On every goal championed by advocates of race–based school assignment, private schools and parental–choice programs that ease access to them have a strong positive record — bringing residential and classroom integration and improving minority–student outcomes.

Duke University economist Thomas Nechyba has found that our conventional, district–based public–school system worsens residential segregation: By tying schools to students' addresses, it encourages the wealthy to "choose" their schools by opting to live in upscale neighborhoods. And his research strongly suggests that a school–choice program that made both private and public schools affordable to all families would greatly reduce the residential segregation that today's public–schooling arrangements have caused.

A central goal of compulsory integration polices has been to achieve racial balance at the school level. But Harvard's Civil Rights Project has observed that public schools are little more racially integrated today than they were before such policies were introduced.

And even schools with racially balanced enrollments don't necessarily have meaningful integration. It is quite common for students to self–segregate by race within schools, having comparatively little social interaction. Ohio State University sociologist James Moody has observed that "simple exposure does not promote integration," so schools that appear integrated "by the numbers" may not have meaningfully integrated hallways, lunchrooms, or even classrooms.

A decade ago, professor Jay Greene (now at the University of Arkansas) had a brilliant idea to test for truly meaningful integration: look at lunchrooms. With colleague Nicole Mellow, Greene photographed lunchrooms in public and private schools in several cities. They found that students are most likely to choose to sit with children of other races in private, not public, schools.

A recent study by Greg Forster of the Milton and Rose D. Friedman Foundation similarly finds that "private schools are actually less segregated than public schools when examined at the classroom level; and that private schools participating in voucher programs … are much less segregated than public schools."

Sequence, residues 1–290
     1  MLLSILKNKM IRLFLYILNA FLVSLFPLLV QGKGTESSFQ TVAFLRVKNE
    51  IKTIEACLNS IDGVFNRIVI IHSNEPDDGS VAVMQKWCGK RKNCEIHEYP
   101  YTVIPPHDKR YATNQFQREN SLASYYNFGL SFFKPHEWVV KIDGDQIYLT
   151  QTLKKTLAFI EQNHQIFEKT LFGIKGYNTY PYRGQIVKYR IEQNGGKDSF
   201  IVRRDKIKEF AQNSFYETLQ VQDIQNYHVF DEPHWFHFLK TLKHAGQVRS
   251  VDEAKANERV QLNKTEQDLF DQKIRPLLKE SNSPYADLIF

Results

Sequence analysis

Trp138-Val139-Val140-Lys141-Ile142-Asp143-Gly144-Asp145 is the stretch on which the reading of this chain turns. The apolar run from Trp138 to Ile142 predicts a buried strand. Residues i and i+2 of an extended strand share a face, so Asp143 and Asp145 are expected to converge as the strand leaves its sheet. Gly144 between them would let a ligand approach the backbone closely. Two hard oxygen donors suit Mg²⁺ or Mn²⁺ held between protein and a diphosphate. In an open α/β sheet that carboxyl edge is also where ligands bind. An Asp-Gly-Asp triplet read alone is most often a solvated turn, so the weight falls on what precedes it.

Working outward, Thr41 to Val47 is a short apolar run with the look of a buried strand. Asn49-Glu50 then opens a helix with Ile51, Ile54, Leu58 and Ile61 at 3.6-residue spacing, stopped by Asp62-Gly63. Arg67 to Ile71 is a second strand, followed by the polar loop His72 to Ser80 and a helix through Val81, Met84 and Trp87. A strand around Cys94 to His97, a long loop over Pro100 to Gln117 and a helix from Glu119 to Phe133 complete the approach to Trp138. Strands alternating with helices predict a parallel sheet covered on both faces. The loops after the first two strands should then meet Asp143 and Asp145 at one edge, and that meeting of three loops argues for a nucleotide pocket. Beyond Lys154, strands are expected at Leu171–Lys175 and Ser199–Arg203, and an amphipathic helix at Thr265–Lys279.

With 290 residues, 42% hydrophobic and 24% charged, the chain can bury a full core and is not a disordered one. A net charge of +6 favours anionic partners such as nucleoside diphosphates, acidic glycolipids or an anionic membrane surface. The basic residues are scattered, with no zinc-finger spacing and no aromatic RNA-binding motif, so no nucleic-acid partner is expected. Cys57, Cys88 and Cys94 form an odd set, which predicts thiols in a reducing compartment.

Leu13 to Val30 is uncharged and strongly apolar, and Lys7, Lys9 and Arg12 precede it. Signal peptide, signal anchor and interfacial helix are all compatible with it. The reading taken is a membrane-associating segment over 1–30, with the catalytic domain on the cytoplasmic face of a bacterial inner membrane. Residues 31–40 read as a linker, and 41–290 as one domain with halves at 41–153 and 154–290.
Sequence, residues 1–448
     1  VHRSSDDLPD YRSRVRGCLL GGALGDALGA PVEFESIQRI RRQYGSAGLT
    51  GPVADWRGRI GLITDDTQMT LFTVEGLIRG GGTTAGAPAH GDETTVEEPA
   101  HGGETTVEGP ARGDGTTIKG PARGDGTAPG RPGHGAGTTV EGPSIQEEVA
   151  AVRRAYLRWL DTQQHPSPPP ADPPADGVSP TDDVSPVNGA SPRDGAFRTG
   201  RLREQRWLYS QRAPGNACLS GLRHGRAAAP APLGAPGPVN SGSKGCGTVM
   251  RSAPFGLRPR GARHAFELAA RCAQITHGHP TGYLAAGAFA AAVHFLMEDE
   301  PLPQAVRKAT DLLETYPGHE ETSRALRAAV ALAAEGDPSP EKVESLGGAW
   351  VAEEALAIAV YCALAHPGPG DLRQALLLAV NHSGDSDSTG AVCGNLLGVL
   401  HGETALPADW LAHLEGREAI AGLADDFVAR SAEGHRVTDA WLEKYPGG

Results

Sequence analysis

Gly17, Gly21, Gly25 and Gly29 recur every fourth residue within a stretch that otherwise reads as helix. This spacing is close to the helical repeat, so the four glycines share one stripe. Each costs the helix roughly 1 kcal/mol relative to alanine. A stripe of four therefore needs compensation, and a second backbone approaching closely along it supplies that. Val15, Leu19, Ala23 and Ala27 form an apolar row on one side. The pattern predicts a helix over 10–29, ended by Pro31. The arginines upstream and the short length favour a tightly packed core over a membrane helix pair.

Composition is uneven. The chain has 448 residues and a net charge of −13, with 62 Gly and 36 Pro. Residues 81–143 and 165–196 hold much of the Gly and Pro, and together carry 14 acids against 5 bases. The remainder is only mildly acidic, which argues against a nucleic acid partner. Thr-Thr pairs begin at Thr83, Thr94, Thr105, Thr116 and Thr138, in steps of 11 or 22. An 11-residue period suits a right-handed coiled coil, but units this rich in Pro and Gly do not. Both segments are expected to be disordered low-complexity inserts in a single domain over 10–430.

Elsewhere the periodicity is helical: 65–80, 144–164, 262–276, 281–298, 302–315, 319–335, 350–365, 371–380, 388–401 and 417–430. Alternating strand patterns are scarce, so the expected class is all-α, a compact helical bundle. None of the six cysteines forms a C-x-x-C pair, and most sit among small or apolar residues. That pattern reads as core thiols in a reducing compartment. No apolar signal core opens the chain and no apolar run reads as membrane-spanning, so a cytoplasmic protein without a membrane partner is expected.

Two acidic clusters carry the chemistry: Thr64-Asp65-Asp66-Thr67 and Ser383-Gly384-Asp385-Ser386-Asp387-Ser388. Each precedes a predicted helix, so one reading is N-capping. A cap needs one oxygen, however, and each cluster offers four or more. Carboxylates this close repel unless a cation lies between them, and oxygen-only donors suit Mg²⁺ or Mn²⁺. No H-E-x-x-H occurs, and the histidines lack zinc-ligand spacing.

So what about educational outcomes for minority students? Here again, the most significant benefits to private schooling tend to be enjoyed by African–American students, both in achievement and graduation rates:

University of Chicago economist Derek Neal has found that black students at inner–city Catholic schools are far more likely to complete high school, be accepted to college and complete college than similar students who attend public schools.

Reviewing the outcomes of school–choice programs in several cities, Harvard political scientist Paul Peterson found that academic achievement gains from private–school attendance are greatest among black students.

All this evidence was available before the court's recent ruling; most civil–rights activists have ignored it because they were committed to pursuing integration by force. Now that the Supreme Court has struck down such programs, these activists — and sympathetic policymakers — should take the court's hint and seek alternatives for advancing the education of minority children. If they do, they'll find school choice.


I made no presumption about you or democrats in general . I simply said " for all of Bill Clinton fans/Anti Bush people WHO are upset.. and have no problem with Clinton's pardons... I did presume however, that there were people who fit that criteria but not that all democrats did. It is those people who I directed the comment to. If you are a Clinton fan and not a bush fan yet still see the obvious , that Clinton pardoned more dirty rotten scumbags that made scooter Libby look like a girl scout, then you have no worries.. You were not my intended audience. It's the others who are blinded by the light reflecting off the (democratic) Ass that I meant to attract.

Somebody tell me why the Scooter Libby issue is even worthy of debate.. It's like the Paris Hilton drama. It is stupid and irrelevant. Why am I even blogging about these issues? Maybe BK has an answer for me...